Such a God is irrational. Many Christians seem to agree, which is why they don’t believe in parts of the OT. But since the NT still claims the same irrational God, I see no reason to believe in him at all. And to me, that seems much more consistent than trying to hold onto parts of the mythology, while rejecting the unsavory parts. If that god were real, and he wanted people to know about him, I think he’d keep the one source of information about him pure. Since that obviously didn’t happen with the Bible, why continue to hold to it at all? Why not put faith in a god who isn’t concerned with petty dogmas, one who simply set things in motion for us? One that may inspire people from time to time, but is largely content to let us live our lives without interference? To me, that seems to fit the evidence far better… and while I don’t have any actual belief in such a deity, I can see why some would. Why mesh it with Christianity, when it seems so superfluous?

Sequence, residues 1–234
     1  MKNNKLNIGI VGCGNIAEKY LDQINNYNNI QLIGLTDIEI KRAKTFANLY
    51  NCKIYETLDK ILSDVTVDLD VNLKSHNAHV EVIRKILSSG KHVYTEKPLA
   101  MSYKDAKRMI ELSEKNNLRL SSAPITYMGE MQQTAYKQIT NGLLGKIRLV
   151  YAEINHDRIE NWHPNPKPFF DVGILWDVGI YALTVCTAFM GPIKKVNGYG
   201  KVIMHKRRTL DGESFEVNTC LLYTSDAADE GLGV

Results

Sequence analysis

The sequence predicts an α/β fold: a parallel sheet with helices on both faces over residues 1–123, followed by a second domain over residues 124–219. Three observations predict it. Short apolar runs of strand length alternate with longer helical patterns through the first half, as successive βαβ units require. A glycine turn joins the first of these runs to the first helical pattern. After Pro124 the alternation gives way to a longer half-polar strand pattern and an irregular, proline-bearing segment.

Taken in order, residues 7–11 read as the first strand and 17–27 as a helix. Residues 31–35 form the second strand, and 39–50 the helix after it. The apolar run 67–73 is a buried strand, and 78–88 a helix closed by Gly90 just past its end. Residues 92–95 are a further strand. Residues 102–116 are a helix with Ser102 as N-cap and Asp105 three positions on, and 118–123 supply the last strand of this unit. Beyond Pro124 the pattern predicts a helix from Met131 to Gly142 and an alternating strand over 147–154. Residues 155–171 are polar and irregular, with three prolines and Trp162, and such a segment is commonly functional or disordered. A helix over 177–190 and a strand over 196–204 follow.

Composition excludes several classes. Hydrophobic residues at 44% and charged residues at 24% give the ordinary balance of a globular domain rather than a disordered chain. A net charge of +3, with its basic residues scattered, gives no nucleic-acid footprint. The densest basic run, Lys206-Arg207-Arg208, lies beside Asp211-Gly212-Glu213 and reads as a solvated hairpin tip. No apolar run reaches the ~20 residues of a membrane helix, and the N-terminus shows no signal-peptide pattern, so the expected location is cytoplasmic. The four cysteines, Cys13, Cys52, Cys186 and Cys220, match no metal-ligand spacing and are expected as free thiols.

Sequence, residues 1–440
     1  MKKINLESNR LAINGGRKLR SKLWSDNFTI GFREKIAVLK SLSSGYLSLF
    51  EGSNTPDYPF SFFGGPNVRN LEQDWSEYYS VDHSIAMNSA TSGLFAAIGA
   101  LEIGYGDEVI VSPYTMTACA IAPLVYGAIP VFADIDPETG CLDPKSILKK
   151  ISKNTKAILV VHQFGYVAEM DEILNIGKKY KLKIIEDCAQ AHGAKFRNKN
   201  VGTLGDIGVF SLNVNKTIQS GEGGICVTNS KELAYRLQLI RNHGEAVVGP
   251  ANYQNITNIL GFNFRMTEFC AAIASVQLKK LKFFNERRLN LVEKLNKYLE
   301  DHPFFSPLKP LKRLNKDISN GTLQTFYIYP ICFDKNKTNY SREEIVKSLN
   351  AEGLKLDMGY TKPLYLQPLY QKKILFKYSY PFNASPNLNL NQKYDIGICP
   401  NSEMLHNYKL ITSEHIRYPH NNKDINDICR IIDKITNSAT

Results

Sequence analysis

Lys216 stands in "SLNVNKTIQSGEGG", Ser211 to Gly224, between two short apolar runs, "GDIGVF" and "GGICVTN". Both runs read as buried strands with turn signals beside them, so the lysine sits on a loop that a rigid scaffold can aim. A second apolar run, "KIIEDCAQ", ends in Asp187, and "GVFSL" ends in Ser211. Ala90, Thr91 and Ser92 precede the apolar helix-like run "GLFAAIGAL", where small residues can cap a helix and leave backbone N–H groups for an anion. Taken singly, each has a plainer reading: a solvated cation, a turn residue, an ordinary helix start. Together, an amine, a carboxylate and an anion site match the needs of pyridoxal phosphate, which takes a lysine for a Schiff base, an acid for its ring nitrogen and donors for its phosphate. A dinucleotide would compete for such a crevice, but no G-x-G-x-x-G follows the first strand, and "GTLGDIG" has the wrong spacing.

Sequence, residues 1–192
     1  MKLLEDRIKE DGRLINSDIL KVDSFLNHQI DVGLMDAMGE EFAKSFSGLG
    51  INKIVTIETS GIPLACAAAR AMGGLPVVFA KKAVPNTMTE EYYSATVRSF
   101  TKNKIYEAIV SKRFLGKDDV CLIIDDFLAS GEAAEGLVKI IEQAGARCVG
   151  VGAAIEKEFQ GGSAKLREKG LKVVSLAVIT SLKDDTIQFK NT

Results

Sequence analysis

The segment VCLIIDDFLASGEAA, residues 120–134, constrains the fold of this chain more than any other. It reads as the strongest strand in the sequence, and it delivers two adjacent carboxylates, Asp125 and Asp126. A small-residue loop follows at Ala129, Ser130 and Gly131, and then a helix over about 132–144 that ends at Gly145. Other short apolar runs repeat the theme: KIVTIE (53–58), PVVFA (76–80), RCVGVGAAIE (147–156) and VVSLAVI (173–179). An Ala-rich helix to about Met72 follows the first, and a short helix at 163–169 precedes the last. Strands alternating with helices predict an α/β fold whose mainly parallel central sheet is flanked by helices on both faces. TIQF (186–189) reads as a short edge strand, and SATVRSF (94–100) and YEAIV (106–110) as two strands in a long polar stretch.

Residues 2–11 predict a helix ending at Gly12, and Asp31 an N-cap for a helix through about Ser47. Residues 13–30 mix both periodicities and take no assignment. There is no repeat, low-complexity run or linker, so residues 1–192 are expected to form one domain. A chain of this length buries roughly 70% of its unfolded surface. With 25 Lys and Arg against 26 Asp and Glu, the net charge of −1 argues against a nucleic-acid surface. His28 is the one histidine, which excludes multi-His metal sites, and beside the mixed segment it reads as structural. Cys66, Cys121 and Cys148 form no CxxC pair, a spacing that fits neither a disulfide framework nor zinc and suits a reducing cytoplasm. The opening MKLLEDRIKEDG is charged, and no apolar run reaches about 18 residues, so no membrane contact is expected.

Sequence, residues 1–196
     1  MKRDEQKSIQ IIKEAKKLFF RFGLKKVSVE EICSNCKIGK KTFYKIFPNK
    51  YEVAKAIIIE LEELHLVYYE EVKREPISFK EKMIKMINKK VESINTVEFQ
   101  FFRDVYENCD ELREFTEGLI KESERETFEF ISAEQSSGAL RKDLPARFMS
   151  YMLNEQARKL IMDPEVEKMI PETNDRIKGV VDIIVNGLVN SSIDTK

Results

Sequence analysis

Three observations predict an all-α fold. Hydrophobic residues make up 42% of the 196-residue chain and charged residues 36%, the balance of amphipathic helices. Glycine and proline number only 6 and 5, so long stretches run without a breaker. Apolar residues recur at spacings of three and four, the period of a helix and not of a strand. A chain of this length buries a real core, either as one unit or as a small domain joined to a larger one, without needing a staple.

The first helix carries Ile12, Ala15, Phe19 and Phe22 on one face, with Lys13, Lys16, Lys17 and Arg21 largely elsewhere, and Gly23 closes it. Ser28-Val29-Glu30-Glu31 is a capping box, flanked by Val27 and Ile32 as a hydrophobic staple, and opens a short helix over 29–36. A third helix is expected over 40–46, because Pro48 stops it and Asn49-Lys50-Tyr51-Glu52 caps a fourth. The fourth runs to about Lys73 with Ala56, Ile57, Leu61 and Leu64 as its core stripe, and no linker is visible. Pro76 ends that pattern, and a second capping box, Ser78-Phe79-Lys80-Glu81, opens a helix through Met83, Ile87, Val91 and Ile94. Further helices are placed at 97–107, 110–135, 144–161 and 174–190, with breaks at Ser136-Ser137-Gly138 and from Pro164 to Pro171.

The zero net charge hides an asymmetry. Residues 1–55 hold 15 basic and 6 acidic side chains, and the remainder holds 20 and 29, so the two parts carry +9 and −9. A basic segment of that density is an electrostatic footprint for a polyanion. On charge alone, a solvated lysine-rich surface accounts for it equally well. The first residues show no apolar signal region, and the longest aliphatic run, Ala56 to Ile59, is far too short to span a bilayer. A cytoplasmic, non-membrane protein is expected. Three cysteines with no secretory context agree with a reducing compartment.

The Problem with Alabama

First of all, sorry for the lack of posts latey. Just been busy with life — you know how that goes. I have a couple of ideas rattling around in my head right now, so I’ll hopefully shake one of them out into a blog post soon.

In the meantime, I wanted to post this article that a friend pointed me toward today. Many of you probably don’t know, but last week, a federal judge in Mobile, Alabama struck down a state ban on gay marriage, which made us the 37th state to legalize gay marriage. It was great news! However, to no one’s surprise, there’s been a huge outcry about it, and many of the state politicians are pushing hard against it. This article brilliantly captures the way I feel about it:

After same-sex marriage ruling, a question: Are we American? Or just Alabamian?

On Blogging

Not too long ago, I got a “like” on one of my posts from a blogger I hadn’t run across before. Out of curiosity, I jumped over to her blog to see what she liked to write about. Turns out she’s a Christian. Which is fine — I certainly have many Christian friends, and several of them even “like” my posts from time to time. But I understand why they do it. With this person, I didn’t get it.